Of the many elements that encompass the office of elder, protection seems to be the dominant characteristic. You, as an elder, have been given the charge of protecting God’s sheep. It is imperative that you understand the sheep do not belong to you. They belong to someone else. Imagine someone giving you a priceless gem to safeguard. I would imagine you would be quite anxious regarding the task with which you are charged. I know I would be. I do not think you would pretend, even for a second, that this gem is yours to do with as you see fit. I also think you would consult the instruction manual very meticulously in order to make sure it receives the proper maintenance. You would do everything in your power to protect this gem until the return of its owner. Such behavior would only be reasonable. As an elder, you are charged with protecting something so precious in the eyes of God that in order for Him to attain it, He spilled the most precious blood of the most precious person who ever lived on this planet. When an elder looks at the congregation, they should see the most precious possession of the only wise Holy Father. The kind of elder Jesus wants views the sheep like that. He does not think he has inherent right to guide them outside of Sacred Scripture. I Peter 5:1-3 says, “Therefore, I exhort the elders among you, as your fellow elder and witness of the sufferings of Christ, and a partaker also of the glory that is to be revealed, shepherd the flock of God among you, exercising oversight not under compulsion, but voluntarily, according to the will of God; and not for sordid gain, but with eagerness; nor yet as lording it over those allotted to your charge, but proving to be examples to the flock.”

The Greek word for “shepherd” here is POINMANATE and it is in the imperative mood. This signifies that Peter is issuing a command for the elders to shepherd the flock of God. The word means to serve as tender of the sheep, to watch out for other people in the sense of lead or guide, protect, care for, nurture. The entire well-being of the sheep comes into view. As an elder, you are responsible for the entire spiritual well-being of the sheep. This should disturb you a great deal. If it does not disturb you enough to educate yourself in Scripture so that you understand what a godly elder looks like, perhaps the office is one you should avoid. You are to care for the sheep with the highest passion and commitment possible. There is no more important job than that of elder or shepherd. God places His sheep in your care. Moreover, God will hold you accountable for the condition of that His sheep are in, in the end. The godly shepherd respects and understand this. He understands the church is not his to manage at his own discretion. He recognizes that he cannot behave autonomously in his duties. He understands that Scripture places strict guidelines around how to care for the sheep. He works diligently to understand those guidelines and executes on them to the very best of his ability.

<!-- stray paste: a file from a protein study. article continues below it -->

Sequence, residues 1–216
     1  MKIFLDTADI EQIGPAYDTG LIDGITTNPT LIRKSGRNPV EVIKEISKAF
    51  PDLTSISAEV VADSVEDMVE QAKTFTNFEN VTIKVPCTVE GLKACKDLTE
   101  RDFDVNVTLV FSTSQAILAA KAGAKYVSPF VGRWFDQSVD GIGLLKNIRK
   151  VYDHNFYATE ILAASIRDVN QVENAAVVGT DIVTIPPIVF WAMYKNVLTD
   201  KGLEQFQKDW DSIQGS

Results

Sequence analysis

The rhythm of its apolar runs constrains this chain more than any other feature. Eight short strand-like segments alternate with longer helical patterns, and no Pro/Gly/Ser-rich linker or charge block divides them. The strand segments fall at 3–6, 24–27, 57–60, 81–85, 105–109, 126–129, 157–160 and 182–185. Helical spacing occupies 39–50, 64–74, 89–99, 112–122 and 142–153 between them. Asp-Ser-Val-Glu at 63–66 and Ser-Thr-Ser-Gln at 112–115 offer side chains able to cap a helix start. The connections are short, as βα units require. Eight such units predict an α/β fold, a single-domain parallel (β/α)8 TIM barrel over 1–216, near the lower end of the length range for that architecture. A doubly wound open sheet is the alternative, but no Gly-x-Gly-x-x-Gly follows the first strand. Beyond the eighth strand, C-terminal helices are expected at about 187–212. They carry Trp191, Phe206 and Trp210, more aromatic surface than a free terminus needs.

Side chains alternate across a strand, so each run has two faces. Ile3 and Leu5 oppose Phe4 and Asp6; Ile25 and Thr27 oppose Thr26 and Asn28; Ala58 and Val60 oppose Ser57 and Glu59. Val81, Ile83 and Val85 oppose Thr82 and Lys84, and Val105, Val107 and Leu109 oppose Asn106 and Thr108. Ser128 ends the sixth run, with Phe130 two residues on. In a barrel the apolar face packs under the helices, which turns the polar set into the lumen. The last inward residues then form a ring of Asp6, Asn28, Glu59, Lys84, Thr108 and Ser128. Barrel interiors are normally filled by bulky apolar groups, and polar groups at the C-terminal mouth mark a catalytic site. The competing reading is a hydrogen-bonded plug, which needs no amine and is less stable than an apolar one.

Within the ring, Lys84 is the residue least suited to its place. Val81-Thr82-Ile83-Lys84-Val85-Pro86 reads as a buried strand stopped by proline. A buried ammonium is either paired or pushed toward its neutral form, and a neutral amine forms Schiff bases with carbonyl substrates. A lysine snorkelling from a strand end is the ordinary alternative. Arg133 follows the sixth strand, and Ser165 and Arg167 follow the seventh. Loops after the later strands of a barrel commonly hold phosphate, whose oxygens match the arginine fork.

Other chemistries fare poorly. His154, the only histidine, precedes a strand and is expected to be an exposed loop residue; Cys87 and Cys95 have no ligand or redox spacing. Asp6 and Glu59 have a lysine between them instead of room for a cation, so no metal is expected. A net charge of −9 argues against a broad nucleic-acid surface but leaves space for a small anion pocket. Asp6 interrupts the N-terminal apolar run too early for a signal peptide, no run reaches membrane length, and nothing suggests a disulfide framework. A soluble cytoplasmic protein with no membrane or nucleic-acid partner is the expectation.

The elder has to be above reproach. His Christian reputation cannot be legitimately called into question. He cannot be a womanizer, noticing every attractive woman that walks by or flirtatious. An elder has to be even tempered. An elder has to be prudent. This word means to behave in a sensible manner. It carries the idea of thoughtful awareness. He does not let his emotion or his selfishness interfere with just conduct. He knows what to say and, when to say it. He knows when to keep his lips sealed. He is a prudently judicious man. The kind of elder that Jesus wants is one that people can respect. He has qualities that are admirable among the people. People find it easy to hold him in high regard. An elder has to be hospitable. He has to be capable of teaching. He understands Scripture and has the ability to lead others into a solid understanding of Scripture. He cannot be addicted to strong drink. He must not be prone to fight, physically or otherwise. Godly elders are gentle, seeking to maintain the peace, and they are free from the love of money. This is the kind of elder Jesus wants.